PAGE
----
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What Is a Surnameor

What Is a Surnameor

What Is a Surname

A surname is a name given to a person to distinguish them from other people with the same name. For centuries in Europe, a surname often reflected a person's occupation. For example, Garside was a name generally given to a coal or charcoal burner.

Surname

Practices vary by culture. The family name may be placed at either the start of a person's full name, as the forename, or at the end; the number of surnames given to an individual also varies. As the surname indicates genetic inheritance, all members of a family unit may have identical surnames or there may be variations; for example, a woman might marry and have a child, but later remarry and have another child by a different father, and as such both children could have different surnames. It is common to see two or more words in a surname, such as in compound surnames. Compound surnames can be composed of separate names, such as in traditional Spanish culture, they can be hyphenated together, or may contain prefixes.

In the Anglophonic world, a surname is commonly referred to as the last name because it is usually placed at the end of a person's full name, after any given name. In many parts of Asia and in some parts of Europe and Africa, the family name is placed before a person's given name. In most Spanish-speaking and Portuguese-speaking countries, two surnames are commonly used or, in some families, three or even more, often because of family claims to nobility. (Source: en.wikipedia.org)

Always

Surnames have not always existed and are still not universal in some cultures. The tradition has arisen separately in different cultures around the world. In Europe, the concept of surnames became popular in the Roman Empire and expanded throughout the Mediterranean and Western Europe as a result. During the Middle Ages, that practice died out as Germanic, Persian and other influences took hold. During the late Middle Ages surnames gradually re-emerged, first in the form of bynames, which typically indicated an individual's occupation or area of residence, and gradually evolving into modern surnames. In China surnames have been the norm since at least the 2nd century BC.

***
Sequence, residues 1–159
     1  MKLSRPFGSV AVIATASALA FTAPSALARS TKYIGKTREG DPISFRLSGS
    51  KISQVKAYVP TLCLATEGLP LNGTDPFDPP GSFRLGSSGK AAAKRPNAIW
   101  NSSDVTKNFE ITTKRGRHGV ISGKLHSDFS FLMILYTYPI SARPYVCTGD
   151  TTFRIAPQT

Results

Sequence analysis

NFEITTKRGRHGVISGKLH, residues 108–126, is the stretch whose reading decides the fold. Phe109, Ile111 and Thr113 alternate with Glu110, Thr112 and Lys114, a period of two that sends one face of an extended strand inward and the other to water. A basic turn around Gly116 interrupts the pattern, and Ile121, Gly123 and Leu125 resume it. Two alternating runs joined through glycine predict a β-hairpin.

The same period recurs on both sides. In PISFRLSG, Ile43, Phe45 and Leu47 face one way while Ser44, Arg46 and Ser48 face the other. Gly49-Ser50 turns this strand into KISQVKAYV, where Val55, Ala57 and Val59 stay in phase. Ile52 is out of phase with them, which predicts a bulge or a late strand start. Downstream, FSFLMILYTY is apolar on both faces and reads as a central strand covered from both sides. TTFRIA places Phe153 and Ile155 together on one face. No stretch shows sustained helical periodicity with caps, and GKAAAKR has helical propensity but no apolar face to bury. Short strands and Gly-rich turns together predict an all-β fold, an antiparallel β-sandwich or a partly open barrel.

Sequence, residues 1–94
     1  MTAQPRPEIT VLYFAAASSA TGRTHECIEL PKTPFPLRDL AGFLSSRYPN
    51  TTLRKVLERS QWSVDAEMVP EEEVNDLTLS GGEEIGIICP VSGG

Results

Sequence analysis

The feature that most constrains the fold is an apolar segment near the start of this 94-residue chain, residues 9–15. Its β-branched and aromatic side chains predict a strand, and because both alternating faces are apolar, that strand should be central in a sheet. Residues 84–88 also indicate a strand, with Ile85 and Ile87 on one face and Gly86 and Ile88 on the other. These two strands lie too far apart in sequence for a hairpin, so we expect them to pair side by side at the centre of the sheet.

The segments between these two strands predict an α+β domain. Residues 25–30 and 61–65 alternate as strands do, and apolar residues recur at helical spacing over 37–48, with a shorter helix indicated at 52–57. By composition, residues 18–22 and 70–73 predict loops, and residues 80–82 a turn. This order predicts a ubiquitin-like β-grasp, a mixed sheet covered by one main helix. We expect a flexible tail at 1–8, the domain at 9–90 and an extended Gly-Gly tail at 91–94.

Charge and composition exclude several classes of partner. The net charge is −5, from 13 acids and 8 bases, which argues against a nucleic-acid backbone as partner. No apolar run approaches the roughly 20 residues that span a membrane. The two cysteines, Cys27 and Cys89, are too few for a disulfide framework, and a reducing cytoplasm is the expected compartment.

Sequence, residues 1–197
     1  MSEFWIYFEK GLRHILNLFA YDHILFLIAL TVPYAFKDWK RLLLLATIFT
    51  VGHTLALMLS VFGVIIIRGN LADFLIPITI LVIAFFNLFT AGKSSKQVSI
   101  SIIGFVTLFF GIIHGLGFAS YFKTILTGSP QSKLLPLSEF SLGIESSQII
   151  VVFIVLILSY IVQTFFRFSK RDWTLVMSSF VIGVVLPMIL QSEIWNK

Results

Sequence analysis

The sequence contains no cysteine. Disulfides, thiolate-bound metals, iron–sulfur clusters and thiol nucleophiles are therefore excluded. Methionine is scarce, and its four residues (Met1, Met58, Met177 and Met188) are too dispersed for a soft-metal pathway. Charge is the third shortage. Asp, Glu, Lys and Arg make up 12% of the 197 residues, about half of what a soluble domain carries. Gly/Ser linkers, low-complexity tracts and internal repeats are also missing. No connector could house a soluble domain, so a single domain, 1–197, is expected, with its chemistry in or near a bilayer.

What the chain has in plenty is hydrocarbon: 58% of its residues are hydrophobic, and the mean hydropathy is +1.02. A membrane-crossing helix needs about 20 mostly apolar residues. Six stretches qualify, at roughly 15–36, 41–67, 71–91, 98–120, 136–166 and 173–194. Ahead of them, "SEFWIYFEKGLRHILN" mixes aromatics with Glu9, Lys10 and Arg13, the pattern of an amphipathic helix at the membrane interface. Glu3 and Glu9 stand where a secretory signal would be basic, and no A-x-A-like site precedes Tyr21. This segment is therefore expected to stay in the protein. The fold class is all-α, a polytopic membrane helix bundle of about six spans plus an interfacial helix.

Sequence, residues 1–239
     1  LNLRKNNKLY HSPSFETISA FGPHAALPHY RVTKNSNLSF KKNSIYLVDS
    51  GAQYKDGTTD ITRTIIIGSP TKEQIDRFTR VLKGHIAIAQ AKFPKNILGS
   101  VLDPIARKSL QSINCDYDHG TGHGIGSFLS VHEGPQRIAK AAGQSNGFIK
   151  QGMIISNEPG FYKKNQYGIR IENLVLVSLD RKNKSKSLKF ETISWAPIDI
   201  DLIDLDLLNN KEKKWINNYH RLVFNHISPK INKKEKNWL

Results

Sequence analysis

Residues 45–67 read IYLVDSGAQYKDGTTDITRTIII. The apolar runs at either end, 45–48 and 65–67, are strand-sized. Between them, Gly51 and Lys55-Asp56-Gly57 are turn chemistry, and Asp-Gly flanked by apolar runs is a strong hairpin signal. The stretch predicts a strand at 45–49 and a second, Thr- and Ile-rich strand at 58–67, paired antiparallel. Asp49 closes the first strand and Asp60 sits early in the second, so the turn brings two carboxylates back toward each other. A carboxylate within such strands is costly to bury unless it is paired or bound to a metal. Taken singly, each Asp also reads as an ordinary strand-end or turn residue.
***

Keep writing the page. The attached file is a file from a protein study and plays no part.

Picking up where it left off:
A family name is typically a part of a person's personal name and, according to law or custom, is passed or given to children from at least one of their parents' family names. The use of family names is common in most cultures around the world, but each culture has its own rules as to how the names are formed, passed, and used. However, the style of having both a family name (surname) and a given name (forename) is far from universal (see §History below). In many cultures, it is common for people to have one name or mononym, with some cultures not using family names. In most Slavic countries and in Greece, Lithuania and Latvia, for example, there are different family name forms for male and female members of the family. Issues of family name arise especially on the passing of a name to a newborn child, the adoption of a common family name on marriage, the renunciation of a family name, and the changing of a family name. (Source: en.wikipedia.org)

 

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